In other words, the overriding concern of the union apparatus was the profitability and financial viability of the institution not the hard-won bonus and other working conditions of SLT workers. The same message was repeated day in and day out by SLT management and echoed in the DailyFt which declared that the SLT strike was “a big blow for the confidence of prospective investors.”
SLT workers who spoke to the WSWS reporters denounced the trade union leadership. “It is like a mountain was in labour, but giving birth to a mouse! Now we receive a ‘hardship payment,’ and a loan,” one employee said. “But we can obtain a loan from other sources too. We struck work and picketed. One of our demands was elimination of salary anomalies. It was not solved. They [union leaders] said this was a fight against privatisation, but nothing happened.”
Another worker said: “The real value of a monthly salary is nothing like it previously was. Our current salary, which is already being deducted for loans, is inadequate to cope with the cost of living. If we take another loan, it will also be deducted from our current salary.”
During the strike, the TTUF leadership, including its convenor Jagath Gurusinghe, claimed that industrial pressure would force Telecom management to pay the end of year bonus. After totally capitulating to management’s demands, the TTUF, is now ridiculously claiming that an increase in the initial loan payment offered by management is a “victory.”
At the same time, the TTUF leadership, by focusing exclusively on the bonus and accusing the SLT chairman, CEO and other management officials of corruption, have refused to mobilise workers to fight the government’s privatisation measures. This has opened the way for the government intensify its efforts to sell off the company, including recent high-level discussions with an Indian investor to buy the Treasury-owned share of the institution.
Whether corrupt or not, the senior executives of Telecom and other SOEs are simply implementing the International Monetary Fund (IMF)-dictated austerity policies of the government of President Ranil Wickremesinghe. Cleansing these institutions of these executives will not change these pro-market big business policies.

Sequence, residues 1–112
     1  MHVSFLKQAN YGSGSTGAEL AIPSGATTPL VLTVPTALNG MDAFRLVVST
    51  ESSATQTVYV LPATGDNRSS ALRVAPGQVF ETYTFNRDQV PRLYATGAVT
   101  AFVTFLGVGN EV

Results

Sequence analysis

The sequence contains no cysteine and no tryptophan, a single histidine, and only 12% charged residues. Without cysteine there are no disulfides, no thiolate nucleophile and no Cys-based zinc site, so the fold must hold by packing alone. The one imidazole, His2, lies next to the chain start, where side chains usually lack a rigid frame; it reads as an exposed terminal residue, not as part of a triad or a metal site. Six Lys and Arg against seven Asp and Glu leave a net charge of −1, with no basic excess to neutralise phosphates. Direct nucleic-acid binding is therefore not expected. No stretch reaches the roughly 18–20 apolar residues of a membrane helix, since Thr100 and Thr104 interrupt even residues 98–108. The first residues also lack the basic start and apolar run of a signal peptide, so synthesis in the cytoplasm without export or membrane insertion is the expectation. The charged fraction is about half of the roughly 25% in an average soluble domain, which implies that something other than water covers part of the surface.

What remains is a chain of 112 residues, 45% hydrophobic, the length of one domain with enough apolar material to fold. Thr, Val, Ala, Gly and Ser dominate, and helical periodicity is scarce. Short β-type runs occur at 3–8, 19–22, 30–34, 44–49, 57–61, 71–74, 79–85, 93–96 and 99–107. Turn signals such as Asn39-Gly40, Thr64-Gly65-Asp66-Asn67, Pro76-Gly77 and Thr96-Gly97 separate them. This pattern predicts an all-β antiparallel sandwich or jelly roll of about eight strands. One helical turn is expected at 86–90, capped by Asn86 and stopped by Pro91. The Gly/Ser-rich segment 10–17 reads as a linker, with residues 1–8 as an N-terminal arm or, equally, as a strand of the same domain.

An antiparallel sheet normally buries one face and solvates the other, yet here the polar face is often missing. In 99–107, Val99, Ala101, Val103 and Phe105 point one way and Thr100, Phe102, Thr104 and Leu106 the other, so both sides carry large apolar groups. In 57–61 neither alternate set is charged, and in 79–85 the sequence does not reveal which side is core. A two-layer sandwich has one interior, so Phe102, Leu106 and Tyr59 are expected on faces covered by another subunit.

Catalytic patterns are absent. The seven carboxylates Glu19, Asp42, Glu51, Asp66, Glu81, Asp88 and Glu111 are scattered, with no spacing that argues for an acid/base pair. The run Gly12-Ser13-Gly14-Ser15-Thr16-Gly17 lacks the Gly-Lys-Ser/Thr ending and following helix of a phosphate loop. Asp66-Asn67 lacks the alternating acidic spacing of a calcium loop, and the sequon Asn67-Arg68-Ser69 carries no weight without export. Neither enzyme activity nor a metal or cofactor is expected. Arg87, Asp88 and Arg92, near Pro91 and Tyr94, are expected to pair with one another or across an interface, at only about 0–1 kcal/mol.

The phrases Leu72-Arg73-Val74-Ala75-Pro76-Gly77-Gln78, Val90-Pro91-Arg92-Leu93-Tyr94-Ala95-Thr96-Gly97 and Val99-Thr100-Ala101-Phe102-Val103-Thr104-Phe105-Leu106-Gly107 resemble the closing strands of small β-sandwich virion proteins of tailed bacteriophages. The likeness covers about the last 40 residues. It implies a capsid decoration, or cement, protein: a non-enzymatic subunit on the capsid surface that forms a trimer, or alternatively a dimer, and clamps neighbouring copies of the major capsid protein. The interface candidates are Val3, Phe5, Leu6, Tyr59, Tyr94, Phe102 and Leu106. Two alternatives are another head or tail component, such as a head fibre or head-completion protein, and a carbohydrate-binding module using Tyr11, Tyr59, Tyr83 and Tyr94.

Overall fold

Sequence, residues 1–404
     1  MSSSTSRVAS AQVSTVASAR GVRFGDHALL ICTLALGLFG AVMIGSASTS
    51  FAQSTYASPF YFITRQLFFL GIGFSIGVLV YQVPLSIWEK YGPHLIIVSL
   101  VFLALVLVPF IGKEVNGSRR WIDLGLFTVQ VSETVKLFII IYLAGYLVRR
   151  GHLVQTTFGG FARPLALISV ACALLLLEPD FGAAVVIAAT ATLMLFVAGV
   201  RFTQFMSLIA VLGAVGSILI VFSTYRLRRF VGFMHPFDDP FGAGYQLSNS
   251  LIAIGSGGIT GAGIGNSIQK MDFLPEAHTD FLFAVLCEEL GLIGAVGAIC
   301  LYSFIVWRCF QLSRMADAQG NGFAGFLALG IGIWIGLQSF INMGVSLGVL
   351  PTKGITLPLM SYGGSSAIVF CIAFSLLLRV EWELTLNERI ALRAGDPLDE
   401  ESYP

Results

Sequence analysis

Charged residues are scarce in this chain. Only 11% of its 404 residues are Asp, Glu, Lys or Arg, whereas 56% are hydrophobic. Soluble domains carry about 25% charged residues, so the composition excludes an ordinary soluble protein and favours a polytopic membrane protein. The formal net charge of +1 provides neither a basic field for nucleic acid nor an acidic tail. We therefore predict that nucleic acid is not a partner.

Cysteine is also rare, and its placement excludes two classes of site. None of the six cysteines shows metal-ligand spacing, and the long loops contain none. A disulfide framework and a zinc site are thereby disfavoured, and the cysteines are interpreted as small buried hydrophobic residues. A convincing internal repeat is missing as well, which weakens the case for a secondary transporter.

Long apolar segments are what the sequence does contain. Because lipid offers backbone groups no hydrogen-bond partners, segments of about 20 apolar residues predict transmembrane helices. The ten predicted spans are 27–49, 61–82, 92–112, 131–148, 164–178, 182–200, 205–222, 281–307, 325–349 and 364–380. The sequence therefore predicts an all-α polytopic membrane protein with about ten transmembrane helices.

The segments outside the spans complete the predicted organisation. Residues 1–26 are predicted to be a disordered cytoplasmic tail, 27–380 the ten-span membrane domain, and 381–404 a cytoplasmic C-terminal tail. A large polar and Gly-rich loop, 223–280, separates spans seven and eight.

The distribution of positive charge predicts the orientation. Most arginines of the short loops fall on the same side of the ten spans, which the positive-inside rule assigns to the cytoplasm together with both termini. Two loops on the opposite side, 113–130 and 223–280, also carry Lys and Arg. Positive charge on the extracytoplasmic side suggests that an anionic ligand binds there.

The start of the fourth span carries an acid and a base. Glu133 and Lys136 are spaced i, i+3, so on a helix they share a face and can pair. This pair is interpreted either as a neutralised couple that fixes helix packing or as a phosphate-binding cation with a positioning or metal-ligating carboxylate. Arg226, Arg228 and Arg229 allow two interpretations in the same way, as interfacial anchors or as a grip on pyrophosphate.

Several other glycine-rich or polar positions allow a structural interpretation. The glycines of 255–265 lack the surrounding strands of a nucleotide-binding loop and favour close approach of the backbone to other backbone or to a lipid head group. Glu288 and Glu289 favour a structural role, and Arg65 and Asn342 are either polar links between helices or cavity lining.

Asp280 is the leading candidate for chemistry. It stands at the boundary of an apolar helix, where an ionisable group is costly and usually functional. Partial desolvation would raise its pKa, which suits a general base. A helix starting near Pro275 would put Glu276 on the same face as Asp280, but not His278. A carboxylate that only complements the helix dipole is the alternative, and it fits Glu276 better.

The latest betrayal of Telecom employees and other SOE workers contain vital political lessons and demonstrate once again that workers can only go forward to defend their jobs, wages and working conditions by mobilising independently of the trade union bureaucracy and all capitalist parties. This involves the establishment of action committees, democratically elected and controlled by workers at every workplace and every working-class neighborhood.
Delegates from these committees must decide what actions should be launched to defend their rights, taking steps to unite with co-workers in other industries and the working class internationally.
The Socialist Equality Party (SEP) emphasises that the working class can only defend its rights in a fight for socialist policies, including nationalisation of the banks, big companies, including the SOEs, and plantations under workers’ democratic control. All foreign debts should be repudiated.
The implementation of these policies is inseparably connected to the fight for a workers’ and peasants’ government, as part of struggle for socialism throughout South Asia and internationally.